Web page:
We accept and salute the Holy Œcumenical Synods:the one in Nicaea, of the 318 God-bearing Fathers, against the God-fighting Arius, who impiously degraded the Son of God down to the level of a creature and sundered the Godhead that is worshiped in Father, Son and Holy Spirit into created and uncreated; the one after it in Constantinople of the 150 holy Fathers, against Macedonius of Constantinople, whoimpiously degraded the Holy Spirit down to the level of a creature and no less than the latter sundered the one Godhead into created and uncreated; the one after it in Ephesus of the 200 Fathers, against Patriarch Nestorius of Constantinople, who rejected the hypostatic union of divinity and humanity in Christ, and completely refused to call Theotokos the Virgin who truly gave birth to God; and the fourth in Chalcedon of the 630 Fathers, against Eutyches and Dioscorus, who propounded the evil doctrine of one nature in Christ; and the one after it in Constantinople of the 165 Fathers, against Theodore [of Mopsuestia] and Diodorus,who entertained the same ideas as Nestorius and commended his ideas in their writings, and against Origen, Didymus and Evagrius, who were from an older period, but had attempted to infiltrate the Church of God with certain fables; and the one after it in the same city of the 170 Fathers, against Sergius, Pyrrhus and Paul of Constantinople, who rejected the two energies and two wills appropriate to the two natures of Christ; and the one in Nicaea of the 367 Fathers against the Iconoclasts.
We salute also the Holy Synods that were assembled at particular times and in particular places by the grace of God for the confirmation of true religion and the evangelical way of life. Among these are the Synods that have been convened in this great city at the renowned Church of the Holy Wisdom of God, against Barlaam the Calabrian and Akindynus, who holds the same ideas as him and hastens to avenge him by treachery. They propound the doctrine that the common grace of Father, Son and Holy Spirit, and the light of the age to come, in which the righteous will shine like the sun, as Christ revealed in advance when He shone on Mount Tabor, and in general every power and energy of the tri-hypostatic Godhead and everything that in any way differs from the divine nature, is created, and they too impiously sunder the one Godhead into created and uncreated, calling ditheists and polytheists - as the Jews, the Sabellians and the Arians call us - those who piously honour the most divine light, and every divine power and energy, as uncreated, since none of those properties that belong naturally to God is recent. But we reject both the latter and the former as truly atheists and polytheists, and we completely cut them off from the pleroma of the pious, as the Holy, Catholic and Apostolic Church of Christ has done through the synodical Hagiorite Tome, believing in one tri-hypostatic and all-powerful Godhead, which in no way departs from unity and simplicity on account of the powers and the hypostases. In addition to all these affirmations, we await the resurrection of the dead and the unending life of the age to come. Amen.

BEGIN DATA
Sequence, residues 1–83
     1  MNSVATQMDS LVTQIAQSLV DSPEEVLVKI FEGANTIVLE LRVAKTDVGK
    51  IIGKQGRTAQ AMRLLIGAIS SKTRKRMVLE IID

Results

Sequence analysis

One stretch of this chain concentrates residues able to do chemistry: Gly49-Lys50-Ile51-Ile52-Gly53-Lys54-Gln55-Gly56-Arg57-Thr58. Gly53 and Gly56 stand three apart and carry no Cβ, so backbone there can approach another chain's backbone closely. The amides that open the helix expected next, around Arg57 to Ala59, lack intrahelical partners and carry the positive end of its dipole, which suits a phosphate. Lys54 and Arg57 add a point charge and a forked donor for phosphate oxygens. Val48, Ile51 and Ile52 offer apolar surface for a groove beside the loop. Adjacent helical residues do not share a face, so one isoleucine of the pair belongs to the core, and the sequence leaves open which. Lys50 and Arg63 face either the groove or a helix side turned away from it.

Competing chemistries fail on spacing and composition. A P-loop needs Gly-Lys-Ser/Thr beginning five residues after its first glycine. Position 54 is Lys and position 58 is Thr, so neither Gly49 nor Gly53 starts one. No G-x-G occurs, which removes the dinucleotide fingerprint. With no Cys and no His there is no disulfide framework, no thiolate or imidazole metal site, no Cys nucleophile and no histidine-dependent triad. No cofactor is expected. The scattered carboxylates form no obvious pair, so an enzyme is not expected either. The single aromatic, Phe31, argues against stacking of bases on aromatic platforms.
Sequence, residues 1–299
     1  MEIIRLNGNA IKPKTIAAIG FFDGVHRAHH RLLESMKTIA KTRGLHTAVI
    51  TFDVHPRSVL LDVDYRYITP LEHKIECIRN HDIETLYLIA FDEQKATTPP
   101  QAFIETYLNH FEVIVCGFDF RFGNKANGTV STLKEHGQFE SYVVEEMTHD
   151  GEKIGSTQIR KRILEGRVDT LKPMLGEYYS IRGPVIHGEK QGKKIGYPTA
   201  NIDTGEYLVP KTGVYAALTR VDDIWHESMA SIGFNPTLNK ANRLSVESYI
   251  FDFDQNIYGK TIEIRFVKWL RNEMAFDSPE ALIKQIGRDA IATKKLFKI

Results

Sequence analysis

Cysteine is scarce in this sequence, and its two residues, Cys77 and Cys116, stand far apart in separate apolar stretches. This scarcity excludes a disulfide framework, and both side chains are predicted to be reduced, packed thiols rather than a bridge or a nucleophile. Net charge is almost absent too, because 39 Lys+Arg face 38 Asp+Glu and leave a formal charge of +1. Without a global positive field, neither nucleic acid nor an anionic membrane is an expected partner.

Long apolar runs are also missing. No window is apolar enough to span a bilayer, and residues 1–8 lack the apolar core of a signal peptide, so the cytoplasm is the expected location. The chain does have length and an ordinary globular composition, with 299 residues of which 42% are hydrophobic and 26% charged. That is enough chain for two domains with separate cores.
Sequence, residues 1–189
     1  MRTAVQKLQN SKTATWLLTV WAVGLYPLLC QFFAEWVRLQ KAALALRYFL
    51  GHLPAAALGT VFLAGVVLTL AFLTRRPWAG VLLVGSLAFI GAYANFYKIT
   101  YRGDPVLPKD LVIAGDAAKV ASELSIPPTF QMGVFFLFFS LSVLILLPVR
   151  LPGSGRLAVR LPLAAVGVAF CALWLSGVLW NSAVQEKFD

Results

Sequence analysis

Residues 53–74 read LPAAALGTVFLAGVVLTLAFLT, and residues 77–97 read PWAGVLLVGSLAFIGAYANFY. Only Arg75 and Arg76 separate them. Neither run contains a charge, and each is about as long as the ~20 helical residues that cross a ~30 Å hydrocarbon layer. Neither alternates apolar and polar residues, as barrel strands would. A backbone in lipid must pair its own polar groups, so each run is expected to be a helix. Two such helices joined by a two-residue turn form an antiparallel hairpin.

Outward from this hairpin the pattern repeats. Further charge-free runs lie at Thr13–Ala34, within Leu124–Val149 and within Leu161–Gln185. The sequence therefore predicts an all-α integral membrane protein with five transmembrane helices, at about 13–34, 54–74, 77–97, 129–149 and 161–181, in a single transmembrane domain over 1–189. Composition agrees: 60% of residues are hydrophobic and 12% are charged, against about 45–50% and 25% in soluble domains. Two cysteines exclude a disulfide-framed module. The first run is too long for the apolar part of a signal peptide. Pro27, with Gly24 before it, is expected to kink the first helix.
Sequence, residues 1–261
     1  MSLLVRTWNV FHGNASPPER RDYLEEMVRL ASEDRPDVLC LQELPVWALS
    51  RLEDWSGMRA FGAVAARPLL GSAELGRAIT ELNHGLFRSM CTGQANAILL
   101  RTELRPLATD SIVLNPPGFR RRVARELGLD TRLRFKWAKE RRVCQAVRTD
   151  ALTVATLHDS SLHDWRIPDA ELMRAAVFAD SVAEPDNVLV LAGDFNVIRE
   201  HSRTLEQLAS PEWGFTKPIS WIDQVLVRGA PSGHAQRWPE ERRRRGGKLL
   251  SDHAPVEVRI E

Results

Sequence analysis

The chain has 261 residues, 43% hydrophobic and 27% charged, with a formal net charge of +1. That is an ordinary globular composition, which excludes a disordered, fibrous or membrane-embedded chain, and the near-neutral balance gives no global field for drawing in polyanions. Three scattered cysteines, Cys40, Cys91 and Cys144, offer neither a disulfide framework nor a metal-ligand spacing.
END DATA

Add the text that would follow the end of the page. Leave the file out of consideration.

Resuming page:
Translated by Patrick Barker (now Hieromonk Patapios)
Monday, 21 March 2016
The first Sunday of Great Lent is the Sunday of Orthodoxy on which we commemorate the victory of the Orthodox Church over the heresy of iconoclasm, in particular, and over every other heresy and false teaching. After the Divine Liturgy we had our usual 'pan-Orthodox' procession with the holy icons. The brotherhood were assisted by Fr. Borislav Popov and our Romanian choir, and by a large number of traditionalist Orthodox faithful of many nationalities. Vespers was served after the parish breakfast followed by the reading of the Synodicon of Orthodoxy.
Monday, 14 March 2016
Subdeacon Prince Dmitri Galitzine reposed in the Lord suddenly on 9th March n.s., while visiting Greece. Since his childhood days he had been a faithful member of the Russian Orthodox Church Abroad parish in London, but after the submission of the majority of their hierarchy to the Moscow Patriarchate, he left and became a member of our communities under the Church of the Genuine Orthodox Christians of Greece. His funeral was chanted and he was laid to rest at the Holy Angels Convent at Afidnai in Greece.
Monday, 22 February 2016